Winter Lawn Care Tips For Bermuda Grass
One of the most popular grass types in use is Bermuda Grass. It looks great when maintained properly and while it may go into a dormant phase during winter, that doesn’t mean you can stop looking after it. In many areas, particularly in the south, winter often hails a dry season where rainfall drops rather than increases. This is why the nation is divided into zones when it comes to lawns. The cold weather zone often has winter snow, the transitional zone either light snow, sleet or rain, and warm weather zone mild winter temperatures with lower rainfalls.
Many gardeners also have a Winter Rye-grass mixed in with their Bermuda Grass, or they oversow every fall with Rye. This maintains a green looking lawn when their Bermuda Grass goes dormant. Lower rainfall means that most lawns will require supplemental watering. This is best done when the weather predictions are for fine sunny days. Water early, water deep, and only water every 10-14 days. This will ensure the roots don’t dry out and cause them to die off. You need to maintain a good strong healthy root system over winter to ensure a good growth habit in spring and summer.
You can also do minor repair work in winter, but only if you are not subject to frosts. The easiest way to repair any damaged areas is by using a lawn seeding tool to perforate the surface then oversowing with the same type of seed that is in your lawn. This should be done when the weather forecast is for fine days for at least a week ahead. Water the seed in well then only water again if the soil starts to dry out.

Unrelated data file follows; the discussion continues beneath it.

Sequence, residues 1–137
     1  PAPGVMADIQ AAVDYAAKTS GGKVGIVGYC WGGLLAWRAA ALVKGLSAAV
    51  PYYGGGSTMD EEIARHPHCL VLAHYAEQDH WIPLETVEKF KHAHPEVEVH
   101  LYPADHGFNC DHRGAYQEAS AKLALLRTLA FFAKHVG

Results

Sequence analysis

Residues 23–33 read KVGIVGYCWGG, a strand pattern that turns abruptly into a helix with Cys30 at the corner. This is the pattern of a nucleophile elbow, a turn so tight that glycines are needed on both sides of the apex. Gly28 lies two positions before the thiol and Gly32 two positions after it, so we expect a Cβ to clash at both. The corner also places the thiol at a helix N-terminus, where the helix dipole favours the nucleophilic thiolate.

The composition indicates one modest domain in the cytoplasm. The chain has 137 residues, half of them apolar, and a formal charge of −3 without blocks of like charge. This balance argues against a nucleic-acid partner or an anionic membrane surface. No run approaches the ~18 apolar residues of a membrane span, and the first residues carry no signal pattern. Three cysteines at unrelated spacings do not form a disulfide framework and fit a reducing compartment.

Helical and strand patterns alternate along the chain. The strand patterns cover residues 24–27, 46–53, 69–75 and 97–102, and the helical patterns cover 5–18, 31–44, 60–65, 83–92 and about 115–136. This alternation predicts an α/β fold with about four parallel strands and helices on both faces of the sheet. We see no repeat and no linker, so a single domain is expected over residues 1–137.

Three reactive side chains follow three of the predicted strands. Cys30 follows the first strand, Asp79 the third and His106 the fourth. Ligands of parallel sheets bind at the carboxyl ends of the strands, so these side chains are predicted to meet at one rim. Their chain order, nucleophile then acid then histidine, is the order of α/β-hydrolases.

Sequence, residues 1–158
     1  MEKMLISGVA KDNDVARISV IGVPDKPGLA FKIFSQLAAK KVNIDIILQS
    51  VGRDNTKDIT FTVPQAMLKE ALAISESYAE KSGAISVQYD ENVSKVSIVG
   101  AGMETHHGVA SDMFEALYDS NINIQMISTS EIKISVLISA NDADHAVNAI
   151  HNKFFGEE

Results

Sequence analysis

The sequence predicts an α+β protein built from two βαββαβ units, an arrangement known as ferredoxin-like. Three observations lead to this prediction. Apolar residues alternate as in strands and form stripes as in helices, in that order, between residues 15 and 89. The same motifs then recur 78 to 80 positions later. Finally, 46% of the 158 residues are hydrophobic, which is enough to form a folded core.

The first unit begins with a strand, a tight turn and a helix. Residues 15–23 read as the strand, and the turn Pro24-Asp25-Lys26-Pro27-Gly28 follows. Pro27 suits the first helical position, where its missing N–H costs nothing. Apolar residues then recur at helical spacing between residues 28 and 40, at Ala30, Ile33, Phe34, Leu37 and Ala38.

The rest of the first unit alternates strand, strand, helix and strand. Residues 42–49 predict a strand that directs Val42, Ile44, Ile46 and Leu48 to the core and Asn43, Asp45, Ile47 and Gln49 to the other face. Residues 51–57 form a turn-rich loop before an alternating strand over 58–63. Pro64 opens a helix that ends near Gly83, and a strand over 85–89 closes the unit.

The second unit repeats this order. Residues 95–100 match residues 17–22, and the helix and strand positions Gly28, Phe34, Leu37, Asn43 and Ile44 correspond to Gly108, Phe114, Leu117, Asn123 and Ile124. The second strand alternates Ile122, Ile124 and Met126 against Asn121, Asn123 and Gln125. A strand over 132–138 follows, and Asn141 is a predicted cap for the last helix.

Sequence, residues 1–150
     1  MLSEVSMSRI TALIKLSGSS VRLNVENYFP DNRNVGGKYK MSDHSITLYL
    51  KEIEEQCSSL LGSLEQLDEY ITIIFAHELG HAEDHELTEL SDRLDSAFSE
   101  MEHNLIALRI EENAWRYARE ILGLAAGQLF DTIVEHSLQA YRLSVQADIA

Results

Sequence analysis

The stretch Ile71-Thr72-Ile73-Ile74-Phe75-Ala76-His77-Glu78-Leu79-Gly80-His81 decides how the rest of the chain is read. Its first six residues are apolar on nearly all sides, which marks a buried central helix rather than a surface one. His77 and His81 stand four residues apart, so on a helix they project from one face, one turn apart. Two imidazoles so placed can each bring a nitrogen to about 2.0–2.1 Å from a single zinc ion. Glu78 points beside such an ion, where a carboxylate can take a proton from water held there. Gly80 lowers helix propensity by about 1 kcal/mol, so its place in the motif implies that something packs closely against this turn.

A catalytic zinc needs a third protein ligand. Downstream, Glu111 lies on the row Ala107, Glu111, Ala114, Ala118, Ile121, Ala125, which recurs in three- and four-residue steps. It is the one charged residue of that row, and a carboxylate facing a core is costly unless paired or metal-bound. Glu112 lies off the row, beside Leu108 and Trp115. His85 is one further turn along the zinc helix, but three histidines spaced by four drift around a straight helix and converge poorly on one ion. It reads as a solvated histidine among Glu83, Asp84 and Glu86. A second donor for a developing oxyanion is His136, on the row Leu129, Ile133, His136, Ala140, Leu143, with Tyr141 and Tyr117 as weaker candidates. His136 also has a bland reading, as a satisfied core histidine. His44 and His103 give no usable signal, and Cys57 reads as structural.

If you want to give your grass seed a boost, create a mini green house by making a plastic igloo over the area patched. Use a clear plastic sheet and several metal hoops to create your igloo – be sure to leave open ends for air flow. You will find your lawn seed germinates well in the igloo and grows quite quickly. After 14 days you can start to remove the igloo during the day, only returning it at night. Once your new grass has a good inch or two of growth, you can remove the igloo altogether.
Don’t fertilize Bermuda Grass in winter since this will only causing burning. Bermuda Grass is generally dormant so fertilizer will only feed weeds, or get washed away, neither conducive to good gardening. Mow only when the grass requires it, water it regularly, and you Bermuda Grass will be ready to become a real lawn in the spring.